Directed by: Dean Craig
Written by: Dean Craig
Starring: Sam Claflin, Olivia Munn, Eleanor Tomlinson, Joel Fry, Tim Key, Aisling Bea
Have you ever thought about all of the moments in life that had to go in a specific direction to be where you are currently? I think of it in regard to meeting my wife. I could have easily chosen to attend a different university, which would mean that our interactions during our undergraduate years would not have happened. Who knows where my life would be now considering that she’s such an integral part of my life. Love Wedding Repeat takes that approach to a specific day, which led to its narrative demise.
Jack (Sam Claflin) never seems to hit the right moments in life, especially when trying to share his feelings for Dina (Olivia Munn). Each time he wants to share his attraction to her, he gets interrupted. Now at his sister’s wedding, Jack has another opportunity as the film explores how the smallest of changes can have a far larger impact than one would believe.
The plot of the story appears to be quite appetizing. Jack’s sister, Hayley (Eleanor Tomlinson) is getting married in Italy to the love of her life and with it come the various characters that come from her life in England. All of those folks are seated at what’s called “The English Table” where Jack sits unknowingly next to the woman that keeps getting away, Dina. Along with them are Jack’s ex-girlfriend along with her new man, Hayley’s maid of honor and a bunch of other friends that have some interesting personalities. Everything goes array when a man, who’s obsessed with Hayley, Marc (Jack Farthing) crashes the wedding but manages to grab a seat at their table.
The setup creates for a cluster of commotion between the characters at the English table and it becomes the best part of the film. Whether it be the insecurity or the tremendous work by Rebecca (Aislin Bea) and her comedic prowess. The first scenario becomes intriguing and feels consequential, but the story then loses its quality when it attempts its gimmick. The rest of the film goes through the different scenarios that occur by the simplest act of children changing the order of who sits where at the English table. It’s unfortunate because it feels like a repeat of things with slight differences only for it to be incredibly boring afterward. Honestly, they could have just followed the first timeline and it would have made for a much better film.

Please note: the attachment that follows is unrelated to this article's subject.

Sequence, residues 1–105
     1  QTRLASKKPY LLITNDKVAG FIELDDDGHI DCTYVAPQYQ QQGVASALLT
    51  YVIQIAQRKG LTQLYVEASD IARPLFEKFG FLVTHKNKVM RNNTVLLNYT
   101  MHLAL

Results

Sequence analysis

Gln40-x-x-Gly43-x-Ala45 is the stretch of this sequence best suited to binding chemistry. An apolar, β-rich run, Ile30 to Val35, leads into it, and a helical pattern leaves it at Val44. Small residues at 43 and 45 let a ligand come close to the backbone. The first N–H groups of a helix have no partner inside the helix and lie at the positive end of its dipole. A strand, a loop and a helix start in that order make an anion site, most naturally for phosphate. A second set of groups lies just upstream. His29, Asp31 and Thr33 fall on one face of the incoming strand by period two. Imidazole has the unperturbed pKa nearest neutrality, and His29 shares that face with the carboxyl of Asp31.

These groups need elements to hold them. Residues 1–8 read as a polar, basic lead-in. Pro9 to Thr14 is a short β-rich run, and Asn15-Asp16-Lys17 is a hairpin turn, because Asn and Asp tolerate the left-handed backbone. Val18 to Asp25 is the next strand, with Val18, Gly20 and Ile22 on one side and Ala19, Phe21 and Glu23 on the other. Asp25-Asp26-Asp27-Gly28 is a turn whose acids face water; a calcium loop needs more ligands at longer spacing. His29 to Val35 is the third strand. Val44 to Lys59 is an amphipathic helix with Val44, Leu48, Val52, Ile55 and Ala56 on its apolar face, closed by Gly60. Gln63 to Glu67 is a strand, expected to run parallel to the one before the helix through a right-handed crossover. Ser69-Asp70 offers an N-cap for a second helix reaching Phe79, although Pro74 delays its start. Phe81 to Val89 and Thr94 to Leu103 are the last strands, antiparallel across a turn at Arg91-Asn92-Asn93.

The different timelines show the same thing for Jack in his attempt in trying to finally tell Dina how he feels about her. They met when they both happened to stay the same weekend when visiting Hayley three years ago. At the end of the weekend, he was on the verge of expressing those feelings only to be interrupted by an outside force. Every time Jack gets close to finally telling Dina what occurs, he continually gets interrupted by something. It gets to the point where it just feels tiring and I just did not care anymore about him finally telling here. It comes with the tease of it all and the catharsis that should arrive when he finally tells her. By the time it actually began to look like it would manifest, I found myself more interested in other characters, who did not provide much either.
It feels odd to have a story that succeeds until its gimmick comes into play. Love Wedding Repeat sold itself on that very foundation and it appears that they were better of just not doing it at all. It’s one thing to be in a Groundhog Day situation, but the different timelines just kept getting less interesting with each change because none of them lived up to the initial timeline that actually had intrigue and something to pull me in. It wastes some good physical comedic display by Sam Claflin and Joel Fry with the different substances they ingest in the various timelines.
Part of the catharsis that comes with romantic comedies manifests from seeing the two lovers finally come together. The entire build-up of these stories has this foundation and Love Wedding Repeat simply could not capitalize on it by stretching the tease a bit too far with how ridiculous all of the events become. It would be best to just watch the first-half because everything in the second-half fails to measure up and drags down the entire feature as a result.